• Alcohol Use Disorder

    (AUD; Alcohol Dependence; Alcohol Abuse and Alcoholism)


    Alcohol use disorder (AUD) is a spectrum of issues involving problem drinking. The drinking continues even though it is clearly associated with physical, mental, and social health problems.


    The specific cause of AUD is unknown. It is often a complex combination of factors, including genetics and environment.

    Risk Factors

    Factors that may increase the chance of AUD include:
    • Genetic makeup that affects how the body uses alcohol
    • Family members with a history of alcohol misuse
    • Use of alcohol at an early age
    • Use of illicit drugs or non-medical use of prescription drugs
    • Easy access to alcoholic beverages
    • Situations with high peer pressure and/or emotional stress
    • Psychiatric disorders, such as depression or anxiety
    • Smoking


    Symptoms can vary between people. The most common signs and symptoms of AUD include:
    • Increasing amounts of alcohol that is being consumed
    • Inability to stop or limit drinking despite associated problems
    • Significant amounts of time doing activities to obtain or use alcohol
    • Craving or urge to use alcohol
    • Repeated home, school, or work problems
    • Difficulty in relationships with family members, friends, and coworkers
    • Missing previously favored activities in order to drink alcohol or recover from alcohol
    • Alcohol use even if it creates physically unsafe situations or leads to legal trouble
    • Alcohol use that continues even when it causes or worsens health problems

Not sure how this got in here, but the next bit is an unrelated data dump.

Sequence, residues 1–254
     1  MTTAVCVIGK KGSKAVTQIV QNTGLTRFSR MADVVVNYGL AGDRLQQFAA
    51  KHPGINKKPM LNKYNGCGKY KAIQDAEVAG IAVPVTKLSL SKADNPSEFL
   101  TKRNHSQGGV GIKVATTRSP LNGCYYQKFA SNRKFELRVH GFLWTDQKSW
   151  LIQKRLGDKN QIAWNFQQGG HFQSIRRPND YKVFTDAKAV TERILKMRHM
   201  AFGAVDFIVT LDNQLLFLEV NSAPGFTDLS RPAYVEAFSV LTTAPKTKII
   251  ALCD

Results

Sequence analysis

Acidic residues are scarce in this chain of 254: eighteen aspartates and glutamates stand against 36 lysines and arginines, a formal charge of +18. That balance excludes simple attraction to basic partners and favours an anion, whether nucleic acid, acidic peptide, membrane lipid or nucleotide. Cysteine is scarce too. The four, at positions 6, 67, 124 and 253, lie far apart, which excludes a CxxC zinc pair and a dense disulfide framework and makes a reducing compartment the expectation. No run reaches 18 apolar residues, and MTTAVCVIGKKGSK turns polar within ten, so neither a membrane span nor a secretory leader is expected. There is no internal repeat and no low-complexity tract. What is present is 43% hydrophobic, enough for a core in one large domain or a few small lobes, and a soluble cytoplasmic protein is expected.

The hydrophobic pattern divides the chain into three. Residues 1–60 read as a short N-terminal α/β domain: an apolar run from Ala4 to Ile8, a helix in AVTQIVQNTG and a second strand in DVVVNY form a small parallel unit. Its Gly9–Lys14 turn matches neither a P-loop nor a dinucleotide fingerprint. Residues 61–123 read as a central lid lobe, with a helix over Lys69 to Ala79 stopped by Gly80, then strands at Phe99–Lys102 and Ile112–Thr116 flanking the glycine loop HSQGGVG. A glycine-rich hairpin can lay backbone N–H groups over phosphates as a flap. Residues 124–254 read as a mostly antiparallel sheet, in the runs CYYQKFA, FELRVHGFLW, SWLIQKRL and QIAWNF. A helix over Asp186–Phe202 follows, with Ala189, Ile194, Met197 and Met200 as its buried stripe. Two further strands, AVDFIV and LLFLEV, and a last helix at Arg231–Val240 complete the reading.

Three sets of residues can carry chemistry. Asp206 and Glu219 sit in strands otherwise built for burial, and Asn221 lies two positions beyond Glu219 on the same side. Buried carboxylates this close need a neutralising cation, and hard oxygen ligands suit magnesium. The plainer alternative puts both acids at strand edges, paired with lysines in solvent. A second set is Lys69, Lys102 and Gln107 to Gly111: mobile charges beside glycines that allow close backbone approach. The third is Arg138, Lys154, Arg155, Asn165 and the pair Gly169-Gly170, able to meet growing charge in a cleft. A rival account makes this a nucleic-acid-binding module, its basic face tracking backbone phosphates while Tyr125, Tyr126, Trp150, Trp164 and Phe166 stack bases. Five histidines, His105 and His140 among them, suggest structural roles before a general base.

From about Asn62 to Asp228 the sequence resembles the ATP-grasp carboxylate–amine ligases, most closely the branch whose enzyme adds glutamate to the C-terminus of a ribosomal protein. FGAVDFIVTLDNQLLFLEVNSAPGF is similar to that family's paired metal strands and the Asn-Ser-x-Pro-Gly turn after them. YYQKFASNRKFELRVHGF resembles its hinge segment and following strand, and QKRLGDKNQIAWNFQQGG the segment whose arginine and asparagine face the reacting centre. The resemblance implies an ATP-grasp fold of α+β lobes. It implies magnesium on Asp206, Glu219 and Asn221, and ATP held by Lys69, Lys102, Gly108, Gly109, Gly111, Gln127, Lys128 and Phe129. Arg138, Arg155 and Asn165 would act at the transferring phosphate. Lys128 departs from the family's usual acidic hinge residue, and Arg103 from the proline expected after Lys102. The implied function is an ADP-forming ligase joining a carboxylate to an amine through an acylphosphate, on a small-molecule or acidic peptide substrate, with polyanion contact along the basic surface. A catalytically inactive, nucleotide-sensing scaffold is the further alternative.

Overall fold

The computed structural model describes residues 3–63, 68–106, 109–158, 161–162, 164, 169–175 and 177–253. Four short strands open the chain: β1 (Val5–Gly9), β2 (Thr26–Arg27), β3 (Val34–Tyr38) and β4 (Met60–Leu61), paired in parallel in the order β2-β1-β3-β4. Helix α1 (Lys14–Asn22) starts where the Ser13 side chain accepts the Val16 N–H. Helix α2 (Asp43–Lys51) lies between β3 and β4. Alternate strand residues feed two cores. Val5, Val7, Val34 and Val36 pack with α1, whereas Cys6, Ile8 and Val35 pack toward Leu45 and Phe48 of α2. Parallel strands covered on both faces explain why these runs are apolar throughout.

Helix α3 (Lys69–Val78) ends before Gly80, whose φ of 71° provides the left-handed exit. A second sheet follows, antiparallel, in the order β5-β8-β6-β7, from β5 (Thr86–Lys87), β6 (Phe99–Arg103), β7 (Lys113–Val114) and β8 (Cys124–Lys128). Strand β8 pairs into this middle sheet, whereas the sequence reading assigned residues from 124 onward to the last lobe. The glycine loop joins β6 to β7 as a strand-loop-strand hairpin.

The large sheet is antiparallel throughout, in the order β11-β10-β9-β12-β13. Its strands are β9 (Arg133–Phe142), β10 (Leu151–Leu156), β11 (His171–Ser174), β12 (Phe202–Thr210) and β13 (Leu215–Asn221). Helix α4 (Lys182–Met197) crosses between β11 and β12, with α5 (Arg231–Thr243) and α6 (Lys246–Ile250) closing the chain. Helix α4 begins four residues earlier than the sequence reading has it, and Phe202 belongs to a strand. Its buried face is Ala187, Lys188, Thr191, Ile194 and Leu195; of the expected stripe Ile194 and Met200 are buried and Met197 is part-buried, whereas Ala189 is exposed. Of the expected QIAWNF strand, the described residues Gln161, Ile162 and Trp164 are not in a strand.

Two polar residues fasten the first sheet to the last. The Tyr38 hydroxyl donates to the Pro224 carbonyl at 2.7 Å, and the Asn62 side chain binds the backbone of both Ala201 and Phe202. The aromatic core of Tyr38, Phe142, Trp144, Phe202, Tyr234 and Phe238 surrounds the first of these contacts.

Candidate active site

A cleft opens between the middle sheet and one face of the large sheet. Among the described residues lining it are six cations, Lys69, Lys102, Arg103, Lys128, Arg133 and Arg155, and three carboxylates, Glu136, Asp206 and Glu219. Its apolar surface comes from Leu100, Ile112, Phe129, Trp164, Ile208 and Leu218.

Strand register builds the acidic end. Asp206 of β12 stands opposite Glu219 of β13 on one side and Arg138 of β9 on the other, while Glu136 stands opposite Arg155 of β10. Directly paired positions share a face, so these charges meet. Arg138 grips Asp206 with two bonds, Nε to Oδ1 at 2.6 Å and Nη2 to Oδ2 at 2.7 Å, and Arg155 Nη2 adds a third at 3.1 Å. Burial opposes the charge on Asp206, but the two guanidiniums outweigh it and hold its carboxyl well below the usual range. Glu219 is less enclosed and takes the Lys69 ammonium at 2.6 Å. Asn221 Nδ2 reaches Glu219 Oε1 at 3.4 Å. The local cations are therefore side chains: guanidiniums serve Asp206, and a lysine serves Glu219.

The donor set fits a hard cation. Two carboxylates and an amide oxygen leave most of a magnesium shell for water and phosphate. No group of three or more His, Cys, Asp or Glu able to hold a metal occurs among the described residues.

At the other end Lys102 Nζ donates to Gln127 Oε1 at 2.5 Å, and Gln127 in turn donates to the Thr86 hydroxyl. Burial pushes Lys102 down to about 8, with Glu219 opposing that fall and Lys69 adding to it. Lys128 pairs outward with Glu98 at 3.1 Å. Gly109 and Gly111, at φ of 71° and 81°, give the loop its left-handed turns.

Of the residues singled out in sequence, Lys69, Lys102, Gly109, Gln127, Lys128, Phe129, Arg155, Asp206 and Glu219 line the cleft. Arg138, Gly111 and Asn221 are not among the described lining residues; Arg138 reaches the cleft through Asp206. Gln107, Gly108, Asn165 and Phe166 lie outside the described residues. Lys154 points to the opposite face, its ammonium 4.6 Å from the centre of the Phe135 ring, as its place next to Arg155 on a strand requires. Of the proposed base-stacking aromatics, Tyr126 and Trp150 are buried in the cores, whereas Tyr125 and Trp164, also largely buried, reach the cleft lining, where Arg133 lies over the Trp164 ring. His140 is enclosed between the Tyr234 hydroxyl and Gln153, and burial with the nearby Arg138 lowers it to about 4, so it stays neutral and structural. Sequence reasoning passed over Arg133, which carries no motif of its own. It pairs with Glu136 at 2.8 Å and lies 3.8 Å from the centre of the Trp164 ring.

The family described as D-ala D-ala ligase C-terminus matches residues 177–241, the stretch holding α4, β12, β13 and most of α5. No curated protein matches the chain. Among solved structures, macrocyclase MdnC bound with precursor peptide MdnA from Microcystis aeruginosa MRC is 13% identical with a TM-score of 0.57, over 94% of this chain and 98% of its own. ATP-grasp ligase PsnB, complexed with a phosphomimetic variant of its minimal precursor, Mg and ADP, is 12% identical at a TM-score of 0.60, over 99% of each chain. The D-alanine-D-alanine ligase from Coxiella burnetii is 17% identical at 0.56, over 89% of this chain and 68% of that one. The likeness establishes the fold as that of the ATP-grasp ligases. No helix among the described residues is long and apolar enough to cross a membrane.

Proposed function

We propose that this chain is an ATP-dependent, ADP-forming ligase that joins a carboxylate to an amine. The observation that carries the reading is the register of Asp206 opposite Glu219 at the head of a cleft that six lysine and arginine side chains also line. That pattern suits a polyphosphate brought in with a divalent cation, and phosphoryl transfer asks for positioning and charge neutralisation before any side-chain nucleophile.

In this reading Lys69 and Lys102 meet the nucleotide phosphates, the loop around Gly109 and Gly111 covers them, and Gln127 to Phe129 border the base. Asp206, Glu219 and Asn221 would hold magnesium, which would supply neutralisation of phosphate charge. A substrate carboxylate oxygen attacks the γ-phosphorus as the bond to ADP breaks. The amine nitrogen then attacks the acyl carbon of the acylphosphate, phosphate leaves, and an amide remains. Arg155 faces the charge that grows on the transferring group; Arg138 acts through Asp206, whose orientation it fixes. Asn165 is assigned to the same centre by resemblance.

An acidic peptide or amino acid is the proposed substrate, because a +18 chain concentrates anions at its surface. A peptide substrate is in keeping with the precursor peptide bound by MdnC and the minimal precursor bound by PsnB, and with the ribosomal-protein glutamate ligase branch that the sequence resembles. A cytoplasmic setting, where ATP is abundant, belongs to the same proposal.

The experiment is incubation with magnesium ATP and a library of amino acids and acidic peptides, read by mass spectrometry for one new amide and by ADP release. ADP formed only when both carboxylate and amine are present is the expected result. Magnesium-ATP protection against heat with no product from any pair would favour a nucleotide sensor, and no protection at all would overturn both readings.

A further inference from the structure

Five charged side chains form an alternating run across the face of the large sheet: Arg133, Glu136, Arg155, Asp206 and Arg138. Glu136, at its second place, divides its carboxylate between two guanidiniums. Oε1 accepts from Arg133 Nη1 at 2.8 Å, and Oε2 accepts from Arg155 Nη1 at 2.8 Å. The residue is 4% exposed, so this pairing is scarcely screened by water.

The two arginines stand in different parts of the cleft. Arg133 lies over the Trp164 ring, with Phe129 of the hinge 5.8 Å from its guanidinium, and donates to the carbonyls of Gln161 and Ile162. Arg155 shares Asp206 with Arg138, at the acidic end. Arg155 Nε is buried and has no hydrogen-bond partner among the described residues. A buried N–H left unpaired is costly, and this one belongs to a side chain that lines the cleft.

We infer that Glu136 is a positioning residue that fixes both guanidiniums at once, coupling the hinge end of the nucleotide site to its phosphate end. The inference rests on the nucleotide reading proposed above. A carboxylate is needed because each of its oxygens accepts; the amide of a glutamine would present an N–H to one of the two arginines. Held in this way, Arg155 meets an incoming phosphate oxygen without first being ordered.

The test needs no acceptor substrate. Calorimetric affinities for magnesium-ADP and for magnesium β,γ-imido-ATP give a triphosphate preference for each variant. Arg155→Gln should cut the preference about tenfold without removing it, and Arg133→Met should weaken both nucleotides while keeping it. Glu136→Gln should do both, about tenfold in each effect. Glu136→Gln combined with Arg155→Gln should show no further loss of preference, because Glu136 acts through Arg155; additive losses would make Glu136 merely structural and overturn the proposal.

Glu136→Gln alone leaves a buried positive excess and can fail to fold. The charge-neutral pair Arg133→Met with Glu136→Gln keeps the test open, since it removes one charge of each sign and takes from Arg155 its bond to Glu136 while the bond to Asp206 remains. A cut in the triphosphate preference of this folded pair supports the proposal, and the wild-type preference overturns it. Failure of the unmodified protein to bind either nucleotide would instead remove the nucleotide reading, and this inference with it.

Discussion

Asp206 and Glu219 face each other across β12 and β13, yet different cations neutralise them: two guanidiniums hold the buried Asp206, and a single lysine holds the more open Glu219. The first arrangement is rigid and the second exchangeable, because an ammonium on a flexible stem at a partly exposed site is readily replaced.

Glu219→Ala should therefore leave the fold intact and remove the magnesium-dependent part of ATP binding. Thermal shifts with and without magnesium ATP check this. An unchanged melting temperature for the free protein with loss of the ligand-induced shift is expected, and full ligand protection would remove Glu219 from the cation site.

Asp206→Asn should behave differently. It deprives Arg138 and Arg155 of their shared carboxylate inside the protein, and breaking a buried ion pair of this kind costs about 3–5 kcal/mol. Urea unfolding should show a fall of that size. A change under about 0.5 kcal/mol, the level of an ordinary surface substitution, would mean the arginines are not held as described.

Problematic alcohol use can lead to tolerance. As a result, greater amounts of alcohol are needed to reach intoxication.
    A sudden withdrawal of alcohol can also cause physical symptoms in people who have developed a physical dependence. Withdrawal symptoms may include:
    • Nausea
    • Sweating
    • Shaking
    • Anxiety
    • Seizures that may result from delirium tremens (DTs)
    AUD is linked to the development of serious health complications and early death.


    The doctor will ask about symptoms and medical history. AUD is diagnosed based on information collected from specific questions, such as number of drinks, social habits, lifestyle changes, and personal relationships. If a family member or friend is present, they may be asked questions as well.
    There is no test for AUD. Further tests may be needed if there are some signs of related illness or organ damage.


    The first and most important step is recognizing that a problem exists. Successful treatment depends on the desire to change. Denial is common in people with AUD. Support and counseling is available for family and friends who have a loved one with AUD who is in denial.
    AUD treatment is aimed at learning how to manage the disease. Most professionals believe that this means giving up alcohol completely and permanently. A combination of approaches is most effective. Medical support may be needed to safely manage withdraw from alcohol. This could require hospitalization in a detoxification center. Support may include medications, fluid or nutrition support, and general monitoring by professional staff.
    Treatment to maintain management of disorder may include:


    Certain medications may help prevent relapse, such as those that:
    • Block the high that contributes to alcohol craving
    • Cause immediate illness after drinking alcohol
    • Reduce cravings for alcohol


    AUD affects all aspects of life, including relationships, family, and work. Counseling is a large part of AUD treatment. It may be one-on-one, in a group, or with other family members. Counseling works to improve coping skills and learn other ways of dealing with stress or pain. Counseling that helps develop coping mechanisms may also be useful for family members.
    Treatment and counseling take time. What works for some may not work for others. Some aspects include professional interventions, education, self-help plans, and follow-up via computers or text messaging. The length of time involved in counseling depends on how many problems are affected by AUD.